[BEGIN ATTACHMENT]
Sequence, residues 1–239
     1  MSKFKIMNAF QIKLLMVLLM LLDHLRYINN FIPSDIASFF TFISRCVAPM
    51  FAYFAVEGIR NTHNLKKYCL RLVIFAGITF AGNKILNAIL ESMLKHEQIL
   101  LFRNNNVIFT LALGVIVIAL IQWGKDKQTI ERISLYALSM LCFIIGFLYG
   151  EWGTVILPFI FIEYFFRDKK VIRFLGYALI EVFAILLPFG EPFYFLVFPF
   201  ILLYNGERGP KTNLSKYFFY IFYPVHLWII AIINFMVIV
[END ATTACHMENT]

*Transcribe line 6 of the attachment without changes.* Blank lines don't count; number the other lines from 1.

   201  ILLYNGERGP KTNLSKYFFY IFYPVHLWII AIINFMVIV